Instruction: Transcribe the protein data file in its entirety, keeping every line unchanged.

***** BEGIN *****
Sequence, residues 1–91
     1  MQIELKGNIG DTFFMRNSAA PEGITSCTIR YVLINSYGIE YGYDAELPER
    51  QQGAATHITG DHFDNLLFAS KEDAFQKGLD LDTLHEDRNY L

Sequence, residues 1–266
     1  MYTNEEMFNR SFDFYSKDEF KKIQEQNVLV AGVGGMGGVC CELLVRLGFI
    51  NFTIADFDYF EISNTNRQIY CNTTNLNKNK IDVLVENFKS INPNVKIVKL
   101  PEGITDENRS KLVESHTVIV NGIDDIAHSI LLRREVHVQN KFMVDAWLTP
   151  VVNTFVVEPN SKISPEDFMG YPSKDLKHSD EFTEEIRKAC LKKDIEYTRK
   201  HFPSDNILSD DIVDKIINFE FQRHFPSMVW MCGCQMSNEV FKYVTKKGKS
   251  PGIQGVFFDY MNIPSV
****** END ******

Sequence, residues 1–91
     1  MQIELKGNIG DTFFMRNSAA PEGITSCTIR YVLINSYGIE YGYDAELPER
    51  QQGAATHITG DHFDNLLFAS KEDAFQKGLD LDTLHEDRNY L

Sequence, residues 1–266
     1  MYTNEEMFNR SFDFYSKDEF KKIQEQNVLV AGVGGMGGVC CELLVRLGFI
    51  NFTIADFDYF EISNTNRQIY CNTTNLNKNK IDVLVENFKS INPNVKIVKL
   101  PEGITDENRS KLVESHTVIV NGIDDIAHSI LLRREVHVQN KFMVDAWLTP
   151  VVNTFVVEPN SKISPEDFMG YPSKDLKHSD EFTEEIRKAC LKKDIEYTRK
   201  HFPSDNILSD DIVDKIINFE FQRHFPSMVW MCGCQMSNEV FKYVTKKGKS
   251  PGIQGVFFDY MNIPSV